I just sent off to Shakespeare Bulletin two mini-reviews of my favorite moments in Shakespearean performance of the past decade. The first was of the opening scene of a Lear at the Shakespeare Theatre in DC from 2009, and the second the closing scene of the Propeller Winter’s Tale at BAM in 2005. Here’s the first —
We don’t usually picture big, powerful, ponderous, regal old men dancing in public. Perhaps it’s imaginable as a careful, discreet display. But when Stacy Keach as Lear high-stepped his way onto the stage in the opening moments of this production, accompanied by a brass band and hurriedly-assembling dance line, he gave a shocking display of theatrical power and audacity. The old King’s body staked its claim to center stage physically, forcing his way through the party-goers who crowded around in the decadent, faux-Balkan nightclub setting. This was a Lear who could still dance, who still wanted to display physical power and virtuosity – the legs kicking up well over waist-high – and who still wanted to play the part of youth. For that moment, as the King came onto the stage, I saw something renewed in this familiar play: a sharper contrast between age and youth, and a new the irony in the purported desire to “unburthened crawl toward death.” The reviews at the time mostly talked about the Balkan setting and post-Yugoslav mafia staging in Robert Falls’s violent production, including a long abstract scene in which cloth-wrapped bodies of the victims of the kingdom’s wars were slowly lowered into an on-stage pit. For me the defining moment was at the start, when the King showed off his still-powerful body, his flair, and his belief that he still owned the world. The bad daughters and courtiers fawned on him, and the good girl, played in black as Goth hipster, retreated in horror at his poor taste. More than anything, Keach’s body made palpable the King’s protest against time. We in the audience knew that his dancing body will be buffeted by inner and outer storms for the next three agonizing hours. But the high, physical, lusty steps managed to create a power beyond age, at least for a stage instant.
The seated crowd and partying lackeys weren’t the only audience to whom the King was playing in this moment. Above his head, in a massive gold frame, was a portrait of himself, in full royal regalia, at a younger age. The contrast between the benevolent, happy monarch who stares down from on high and the charismatic performer strutting below provided a visual touchstone for the play: this old King can never live up to his younger self. We usually have to wait for Cordelia’s “nothing” to split Lear apart. In this production, his internal divisions get shown immediately and viscerally.
There were lots of things that didn’t quite work in this high-concept production, and I don’t quite rank Keach among the very top performers of this Lear-filled decade. But it was probably the best stage entrance I’ve ever seen.
What follows resurrection? The statue has come back to life, the King and Queen reconciled, the two kingdoms resumed their amity, and royal authority even re-constituted so far as to make up a final faux-comic resolution via the marriage of Camillo and Paulina. What’s left? An awkward pause, perhaps, as the wave of comic unity floats everyone ashore, before Leontes leads away and we can start clapping.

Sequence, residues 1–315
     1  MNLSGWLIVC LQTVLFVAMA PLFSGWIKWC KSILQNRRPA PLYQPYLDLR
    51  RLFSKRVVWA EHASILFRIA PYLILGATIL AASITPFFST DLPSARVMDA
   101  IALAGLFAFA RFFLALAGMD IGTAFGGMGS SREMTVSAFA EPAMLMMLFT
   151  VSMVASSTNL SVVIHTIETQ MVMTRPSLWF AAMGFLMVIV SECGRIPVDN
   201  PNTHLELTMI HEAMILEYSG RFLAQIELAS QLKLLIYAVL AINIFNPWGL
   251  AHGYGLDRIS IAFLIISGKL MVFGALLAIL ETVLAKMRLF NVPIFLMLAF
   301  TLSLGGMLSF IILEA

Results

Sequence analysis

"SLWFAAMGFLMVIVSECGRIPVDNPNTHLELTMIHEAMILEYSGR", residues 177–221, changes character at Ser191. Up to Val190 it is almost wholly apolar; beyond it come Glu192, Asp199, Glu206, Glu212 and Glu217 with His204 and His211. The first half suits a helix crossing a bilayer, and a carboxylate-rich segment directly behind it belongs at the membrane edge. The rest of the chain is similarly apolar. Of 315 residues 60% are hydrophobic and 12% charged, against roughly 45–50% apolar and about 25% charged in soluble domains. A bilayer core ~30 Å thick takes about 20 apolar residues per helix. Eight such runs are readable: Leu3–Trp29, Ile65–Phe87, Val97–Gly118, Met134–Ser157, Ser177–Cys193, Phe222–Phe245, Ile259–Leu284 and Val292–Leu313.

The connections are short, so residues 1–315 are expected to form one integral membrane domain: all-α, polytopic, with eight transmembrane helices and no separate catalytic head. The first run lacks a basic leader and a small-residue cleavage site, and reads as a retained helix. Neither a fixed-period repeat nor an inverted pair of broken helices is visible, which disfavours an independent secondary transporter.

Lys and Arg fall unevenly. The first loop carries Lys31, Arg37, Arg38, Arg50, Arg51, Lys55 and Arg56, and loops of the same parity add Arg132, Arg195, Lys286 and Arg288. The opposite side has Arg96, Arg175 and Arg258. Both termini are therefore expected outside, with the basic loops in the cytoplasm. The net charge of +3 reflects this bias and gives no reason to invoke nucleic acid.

Not this time. Propeller’s version of “The Winter’s Tale” featured the company’s usual high-jinx, including full brass band numbers for Autolycus’s songs and men in all the female roles, among them the brilliant Simon Scardifield, whose work I’ve greatly missed in Propeller’s recent productions, as Hermione. This production greatly increased the visibility of Mamillius, who, played by Tam Williams, who later doubled as Perdita, provided a visual through-line in the convoluted story. In the Sicilian half, he’s everywhere, starting the play alone onstage, listening at doors, playing in corners, watching his father rage and his mother sent to prison. His toy ship got used to represent his sister’s voyage to coastal Bohemia, and his toy bear eats Antigonus. The boy who told his mother and her ladies that “a sad tale’s best for winter” became in this production the central figure of narrative continuity within ever-shifting terrain.
He came back, finally, as a ghost. In a shocking, wordless coda to the performance, the boy Mamillius re-appeared holding a candle after the royal parties cleared the stage for the last time. His father saw him and returned, his face fractured into disbelief and unlooked-for hope. As the lights started to dim, Leontes circled across the stage toward the boy, slowly opening his arms for a redemptive embrace. The King cast a grotesque, large shadow onto the empty stage behind him, looking from where I sat in the balcony like a gigantic bird, spreading wings and opening talons. Mamillius had his back to the audience, and we could not see his face. He kept staring at the candle cupped in his hand as his father awkwardly moved downstage toward him. At the last minute, he looked up at the twisted face straining down at him, and blew out the candle.
Some might think that we shouldn’t cry at the end of this play, but we did. The play’s loss and disruption flooded out over the shocked audience. I’ve never felt more palpably the cost of this play’s wayward tale of reunification. It’s always hard to trust Leontes, who’s too eager to sweep his earlier transgressions under the rug, but it took this stage gambit to make visible the tragic undercurrent for all to see.